The webmaster for The Project has begun upgrading various aspects of The Pipe Organ in China Project website. Visitors and users will find it much faster to use, now that the WordPress software has been upgraded to a newer version than that used in the original set-up four years ago. There are still some things in progress, and further improvements will be introduced this summer.
The page for HKG1980 has been provisionally updated, with (part of) the strange story of its unlucky journey into a dismantled state, obscurity, and desuetude. The Project is presently considering how to assist in putting this instrument back together, and back into use. It is one of only five practice pipe organs in Hong Kong known to us. We hope to be able to finally give the specs and further details in next month’s update.
Photo of the Month: a September 1918 clipping from the British journal, Musical Opinion, relating to the first rebuilding of HKG1887 by William Charlton Blackett (of Blackett & Howden) in 1917-18. (For Blackett’s later complete overhaul, expansion, and electrification of this organ, see HKG1927a).
The works chosen for Denman Fuller’s late-evening dedicatory recital are quite intriguing. While the Choral Song and Fugue by Samuel Sebastian Wesley (1810-76) is a well-known piece, and British organist Henry Smart (1813-79) is still remembered for his numerous hymn tunes, especially Regent Square, two of the other composers and their works are very obscure today. Edward Horsman (Jr., 1873-1918) was an American organist from New York, and the son of the inventor of the famous ‘Horsman’s ‘Eclipse’ Camera’. He was the composer of the once-popular art song, “The Bird of the Wilderness”, written in 1914, to words by Rabindranath Tagore, and dedicated to the opera singer, Alma Gluck (it can still be heard on YouTube.) Arthur Barclay (-Jones, 1869-1943), was a London-based composer and conductor. Perhaps the Elgar piece (‘Military March’) was a transcription of the first of the five Pomp and Circumstance marches.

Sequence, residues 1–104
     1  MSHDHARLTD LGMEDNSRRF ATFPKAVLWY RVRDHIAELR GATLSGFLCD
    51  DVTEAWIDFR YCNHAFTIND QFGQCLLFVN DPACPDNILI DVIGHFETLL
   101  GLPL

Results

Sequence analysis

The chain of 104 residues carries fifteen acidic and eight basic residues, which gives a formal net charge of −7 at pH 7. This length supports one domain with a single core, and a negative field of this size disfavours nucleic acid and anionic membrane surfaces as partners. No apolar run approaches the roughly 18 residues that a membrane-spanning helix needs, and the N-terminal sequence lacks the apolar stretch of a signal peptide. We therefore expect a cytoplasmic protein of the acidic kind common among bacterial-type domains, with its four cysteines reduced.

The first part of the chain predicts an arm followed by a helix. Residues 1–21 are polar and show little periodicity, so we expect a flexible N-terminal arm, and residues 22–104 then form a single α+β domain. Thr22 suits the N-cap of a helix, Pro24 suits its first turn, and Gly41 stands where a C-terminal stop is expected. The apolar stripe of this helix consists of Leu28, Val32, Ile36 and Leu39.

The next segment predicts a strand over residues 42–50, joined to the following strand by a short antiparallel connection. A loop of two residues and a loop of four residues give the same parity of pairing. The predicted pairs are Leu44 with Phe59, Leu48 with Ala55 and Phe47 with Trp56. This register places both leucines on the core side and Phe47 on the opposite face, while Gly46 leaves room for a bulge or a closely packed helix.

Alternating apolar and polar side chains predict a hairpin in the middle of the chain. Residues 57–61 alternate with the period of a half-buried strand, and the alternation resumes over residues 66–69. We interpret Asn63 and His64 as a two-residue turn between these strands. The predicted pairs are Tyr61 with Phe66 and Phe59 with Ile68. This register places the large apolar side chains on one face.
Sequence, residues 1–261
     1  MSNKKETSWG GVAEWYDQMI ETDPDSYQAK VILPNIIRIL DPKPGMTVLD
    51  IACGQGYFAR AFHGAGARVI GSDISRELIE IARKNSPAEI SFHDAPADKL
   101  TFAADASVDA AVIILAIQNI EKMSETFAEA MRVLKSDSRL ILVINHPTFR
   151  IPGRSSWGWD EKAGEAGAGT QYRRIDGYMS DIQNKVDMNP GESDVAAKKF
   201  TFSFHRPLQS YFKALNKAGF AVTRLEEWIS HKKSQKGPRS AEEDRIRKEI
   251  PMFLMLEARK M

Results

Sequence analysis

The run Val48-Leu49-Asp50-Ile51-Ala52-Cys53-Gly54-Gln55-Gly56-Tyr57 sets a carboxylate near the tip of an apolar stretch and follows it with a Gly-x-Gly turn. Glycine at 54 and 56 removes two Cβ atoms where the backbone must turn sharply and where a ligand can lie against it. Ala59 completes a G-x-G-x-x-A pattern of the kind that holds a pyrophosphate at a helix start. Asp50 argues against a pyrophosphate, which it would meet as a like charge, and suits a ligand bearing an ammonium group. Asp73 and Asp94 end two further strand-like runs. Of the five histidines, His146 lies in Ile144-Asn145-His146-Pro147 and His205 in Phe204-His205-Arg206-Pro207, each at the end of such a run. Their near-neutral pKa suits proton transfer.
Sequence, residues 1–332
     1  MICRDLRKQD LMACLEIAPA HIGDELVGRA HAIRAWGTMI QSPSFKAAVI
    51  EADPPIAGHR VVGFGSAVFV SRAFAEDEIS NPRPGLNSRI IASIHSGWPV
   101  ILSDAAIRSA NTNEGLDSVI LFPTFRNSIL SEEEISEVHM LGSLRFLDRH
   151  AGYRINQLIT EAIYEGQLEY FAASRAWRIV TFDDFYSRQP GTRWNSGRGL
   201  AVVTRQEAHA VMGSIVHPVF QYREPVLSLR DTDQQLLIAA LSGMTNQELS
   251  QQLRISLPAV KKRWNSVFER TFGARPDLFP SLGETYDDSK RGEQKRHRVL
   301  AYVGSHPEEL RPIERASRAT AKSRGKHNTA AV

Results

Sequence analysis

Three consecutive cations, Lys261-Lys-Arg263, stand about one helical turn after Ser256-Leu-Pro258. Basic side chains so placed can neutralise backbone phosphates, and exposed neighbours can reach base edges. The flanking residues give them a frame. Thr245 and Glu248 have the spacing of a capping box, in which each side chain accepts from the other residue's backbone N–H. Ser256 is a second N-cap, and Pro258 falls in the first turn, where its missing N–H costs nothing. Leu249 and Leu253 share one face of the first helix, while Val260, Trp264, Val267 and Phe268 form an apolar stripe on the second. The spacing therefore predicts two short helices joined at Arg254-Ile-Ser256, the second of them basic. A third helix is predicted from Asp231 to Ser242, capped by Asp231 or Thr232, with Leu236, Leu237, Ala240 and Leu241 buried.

William Gould Bennett Denman Fuller (1880-1925) was Cathedral organist at St. John’s, Hong Kong during the years 1905-1923. He also composed the official anthem of Hong Kong University, for the opening of the University’s main building in 1912. But his Out of the Past seems to have disappeared…into the past.
Interesting as well from today’s tragic standpoint, is the announcement below the Hong Kong notice of a recital at St. Mary Redcliffe, Bristol, by John Pullein FRCO (1878-1948), a noted British organist and the eldest for four brothers, the other three of whom were also organists. The “Kieff Processional” was probably an organ transcription of “The Gate of Heroes at Kiev” (often mistranslated as ‘The Great Gate of Kiev’) from Pictures at an Exhibition by Mussorgsky.
Organs in the Census: 195
Year-to-date Hits: 11,915
Three-year Hits: 33,263